It’s Your Choice

Cash or credit; paper or plastic; wheat or sourdough; grande or venti; bootcut or straight-leg; warm or cool; volume or length; matte or gloss; MSNBC or CNBC…It’s not even 8AM and these are just a few of the decisions I’ve had to make just to get in gear.  And I’m retired now – what was my morning like when I was working?

If this is indicative of the ‘new minimalism’, I don’t get it.  I consider it a paradigm for insanity.  I don’t want to make any more decisions, it’s hurting my brain and making me cranky.  Perhaps this is why I find shopping malls so punitive – just parking is an exercise in over-stimulation.  And once you walk inside (choosing one of a hundred different alternatives for egress) there are too many stores, too many people, too many colors…If I go to Nordstrom, am I an ‘individualist’, ‘savvy’, ‘tbd’, ‘petite’?  Do I want firm control or moderate control?  Anklets or tube socks?  Yes.

This is my response going forward.  Yes.  Do with it what you will, but it seems far better to me than just responding negatively to everything and winding up with nothing and never leaving my house.  Yes.  I cede all decision-making authority to the salesperson, grocery store cashier and Starbucks’ barista.  It’s all fine with me.  I just want a cup of coffee, the perfect pair of jeans, a blush that brightens my face so I look naturally healthy and a moisturizer that erases wrinkles.  I want a handbag that holds everything and weighs nothing.  I want to know which is better – counting calories or protein loading.  Are we Lin-ing, Tebow-ing or Winning this week?  Yes.  Just tell me the lexicon-of-the-moment so I can feel like I know what is going on.  It’s fine.  I’m overwhelmed with choices and underwhelmed with the results.  So whatever you choose, it’s fine with me.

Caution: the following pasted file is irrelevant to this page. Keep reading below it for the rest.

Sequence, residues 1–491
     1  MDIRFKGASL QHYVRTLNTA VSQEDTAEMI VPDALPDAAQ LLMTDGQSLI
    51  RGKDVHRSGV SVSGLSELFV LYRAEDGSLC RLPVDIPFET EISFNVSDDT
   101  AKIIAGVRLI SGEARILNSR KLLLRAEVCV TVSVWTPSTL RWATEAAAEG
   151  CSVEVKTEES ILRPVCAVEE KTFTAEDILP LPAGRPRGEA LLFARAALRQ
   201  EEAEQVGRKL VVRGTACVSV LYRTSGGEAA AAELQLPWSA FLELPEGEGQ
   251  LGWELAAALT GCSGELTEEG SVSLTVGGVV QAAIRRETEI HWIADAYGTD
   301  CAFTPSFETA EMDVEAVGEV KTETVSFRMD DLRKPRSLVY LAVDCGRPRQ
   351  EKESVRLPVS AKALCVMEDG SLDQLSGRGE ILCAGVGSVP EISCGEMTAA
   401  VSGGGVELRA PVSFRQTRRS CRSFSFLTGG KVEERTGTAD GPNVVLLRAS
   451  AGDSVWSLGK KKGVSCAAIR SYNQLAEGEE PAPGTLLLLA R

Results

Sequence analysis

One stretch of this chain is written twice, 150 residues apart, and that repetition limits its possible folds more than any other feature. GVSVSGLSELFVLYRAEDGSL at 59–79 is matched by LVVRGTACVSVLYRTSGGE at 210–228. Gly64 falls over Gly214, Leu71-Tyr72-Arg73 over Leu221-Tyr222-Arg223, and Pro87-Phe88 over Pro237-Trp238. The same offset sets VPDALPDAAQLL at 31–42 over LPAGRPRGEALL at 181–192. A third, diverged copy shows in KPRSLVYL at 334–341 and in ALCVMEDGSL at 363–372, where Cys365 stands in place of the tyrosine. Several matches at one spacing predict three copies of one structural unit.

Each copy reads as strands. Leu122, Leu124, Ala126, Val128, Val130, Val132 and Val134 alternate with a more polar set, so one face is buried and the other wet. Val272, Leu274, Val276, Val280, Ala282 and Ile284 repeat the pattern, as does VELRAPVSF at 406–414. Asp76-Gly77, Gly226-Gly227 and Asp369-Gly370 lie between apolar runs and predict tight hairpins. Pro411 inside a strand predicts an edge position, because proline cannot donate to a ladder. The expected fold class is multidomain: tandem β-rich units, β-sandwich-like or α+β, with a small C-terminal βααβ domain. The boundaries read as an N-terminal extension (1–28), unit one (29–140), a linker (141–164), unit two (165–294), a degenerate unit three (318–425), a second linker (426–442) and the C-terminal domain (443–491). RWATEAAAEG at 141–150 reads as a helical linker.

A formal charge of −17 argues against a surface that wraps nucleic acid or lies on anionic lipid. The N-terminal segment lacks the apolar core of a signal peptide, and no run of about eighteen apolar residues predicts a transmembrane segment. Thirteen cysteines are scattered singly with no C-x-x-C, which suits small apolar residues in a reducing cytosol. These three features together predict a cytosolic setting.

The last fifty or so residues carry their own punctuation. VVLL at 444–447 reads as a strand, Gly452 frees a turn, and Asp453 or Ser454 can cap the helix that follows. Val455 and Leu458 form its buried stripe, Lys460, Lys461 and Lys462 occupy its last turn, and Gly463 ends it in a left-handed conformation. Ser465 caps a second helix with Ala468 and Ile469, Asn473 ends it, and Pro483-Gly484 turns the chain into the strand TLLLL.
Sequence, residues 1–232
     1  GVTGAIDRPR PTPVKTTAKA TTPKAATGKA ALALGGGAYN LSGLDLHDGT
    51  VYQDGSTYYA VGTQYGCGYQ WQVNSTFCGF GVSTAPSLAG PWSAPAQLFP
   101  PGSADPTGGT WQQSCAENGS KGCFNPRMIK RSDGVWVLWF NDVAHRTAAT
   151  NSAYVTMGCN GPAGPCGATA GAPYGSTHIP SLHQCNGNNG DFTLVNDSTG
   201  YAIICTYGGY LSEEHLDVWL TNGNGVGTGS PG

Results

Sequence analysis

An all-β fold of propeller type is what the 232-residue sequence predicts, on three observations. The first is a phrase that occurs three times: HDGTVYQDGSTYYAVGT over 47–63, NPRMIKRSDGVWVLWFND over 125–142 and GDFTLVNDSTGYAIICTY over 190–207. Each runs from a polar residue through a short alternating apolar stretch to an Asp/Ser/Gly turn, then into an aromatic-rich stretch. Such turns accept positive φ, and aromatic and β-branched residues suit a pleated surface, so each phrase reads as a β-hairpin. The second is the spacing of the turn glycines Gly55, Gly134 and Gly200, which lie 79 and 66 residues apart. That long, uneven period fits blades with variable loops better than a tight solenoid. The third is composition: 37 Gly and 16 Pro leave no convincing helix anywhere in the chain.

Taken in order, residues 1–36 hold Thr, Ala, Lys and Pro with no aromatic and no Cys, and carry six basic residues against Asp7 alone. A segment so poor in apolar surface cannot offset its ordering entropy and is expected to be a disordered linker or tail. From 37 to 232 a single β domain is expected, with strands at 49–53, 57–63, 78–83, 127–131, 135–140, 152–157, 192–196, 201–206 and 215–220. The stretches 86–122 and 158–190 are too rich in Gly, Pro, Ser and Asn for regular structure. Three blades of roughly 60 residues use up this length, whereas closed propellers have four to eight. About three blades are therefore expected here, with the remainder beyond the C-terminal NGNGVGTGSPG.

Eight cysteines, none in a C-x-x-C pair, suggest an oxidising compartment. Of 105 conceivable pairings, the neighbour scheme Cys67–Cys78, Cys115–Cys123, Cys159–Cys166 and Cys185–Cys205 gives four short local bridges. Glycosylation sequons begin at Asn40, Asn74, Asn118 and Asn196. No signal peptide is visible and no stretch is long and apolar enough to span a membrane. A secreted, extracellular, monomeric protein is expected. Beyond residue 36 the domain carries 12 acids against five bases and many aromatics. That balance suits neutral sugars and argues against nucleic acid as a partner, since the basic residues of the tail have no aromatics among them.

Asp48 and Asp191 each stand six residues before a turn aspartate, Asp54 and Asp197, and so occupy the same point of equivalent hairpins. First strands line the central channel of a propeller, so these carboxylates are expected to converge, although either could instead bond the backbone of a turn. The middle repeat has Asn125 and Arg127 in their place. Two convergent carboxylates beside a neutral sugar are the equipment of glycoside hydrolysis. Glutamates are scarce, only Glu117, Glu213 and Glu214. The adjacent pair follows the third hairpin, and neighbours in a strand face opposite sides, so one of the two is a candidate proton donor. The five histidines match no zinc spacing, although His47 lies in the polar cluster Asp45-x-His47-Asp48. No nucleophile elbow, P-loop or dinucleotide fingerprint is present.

No wonder people don’t feel like working once they arrive at the office.  I always thought that the deferral of difficult decisions was a result of a collective abhorrence of provocative dialogue.  Wrong – it’s exhaustion.  It’s easier to have a cabal of ‘yes’ people around.  Ok – it’s exhaustion and ennui, but the latter is a topic for another day.  Of course here we are expending all of this energy just to get to wherever we  need to be, and if one pauses for a moment it’s clear that none of the choices made along the way really matter.  In hindsight, all of these decisions are elevated to a level of importance prompted by the urgency of the moment, not the urgency of the matter.  It’s all a bit embarrassing.  When I consider the offenses I may have caused by being thoughtless, I’m both rueful and redeemed.  I now have an excuse.  I had run out of mental energy.

So I guess this means that when we really need to step up to the plate and connect with the ball, it very well may be a swing and a miss.  I don’t want to miss the next pitch.  From now on it’s ‘yes’ to everything that really isn’t going to matter to me tomorrow.  And in response to the more thought-provoking questions?  I’ll get back to you on that.

5 thoughts on “It’s Your Choice

  1. Retirement seems to be more difficult than having a full time job. Wait a while , the longer you remain retired the more simple the decisions you have to make will be less confusing. I promise. I have been retired for over 30 years and I am enjoying it more each year. Your articles are great, I have printed a hard copy of each one.

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